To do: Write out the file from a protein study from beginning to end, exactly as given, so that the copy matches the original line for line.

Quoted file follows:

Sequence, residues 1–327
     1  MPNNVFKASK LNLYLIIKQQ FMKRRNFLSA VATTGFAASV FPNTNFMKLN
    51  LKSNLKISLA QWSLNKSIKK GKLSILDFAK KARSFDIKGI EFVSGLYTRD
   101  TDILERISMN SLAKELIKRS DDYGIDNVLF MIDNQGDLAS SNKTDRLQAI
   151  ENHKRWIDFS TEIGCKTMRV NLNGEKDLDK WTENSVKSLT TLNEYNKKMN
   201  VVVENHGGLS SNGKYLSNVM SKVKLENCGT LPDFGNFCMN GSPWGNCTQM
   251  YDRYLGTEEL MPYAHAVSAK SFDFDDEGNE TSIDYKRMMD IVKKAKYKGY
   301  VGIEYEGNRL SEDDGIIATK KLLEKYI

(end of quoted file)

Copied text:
Sequence, residues 1–327
     1  MPNNVFKASK LNLYLIIKQQ FMKRRNFLSA VATTGFAASV FPNTNFMKLN
    51  LKSNLKISLA QWSLNKSIKK GKLSILDFAK KARSFDIKGI EFVSGLYTRD
   101  TDILERISMN SLAKELIKRS DDYGIDNVLF MIDNQGDLAS SNKTDRLQAI
   151  ENHKRWIDFS TEIGCKTMRV NLNGEKDLDK WTENSVKSLT TLNEYNKKMN
   201  VVVENHGGLS SNGKYLSNVM SKVKLENCGT LPDFGNFCMN GSPWGNCTQM
   251  YDRYLGTEEL MPYAHAVSAK SFDFDDEGNE TSIDYKRMMD IVKKAKYKGY
   301  VGIEYEGNRL SEDDGIIATK KLLEKYI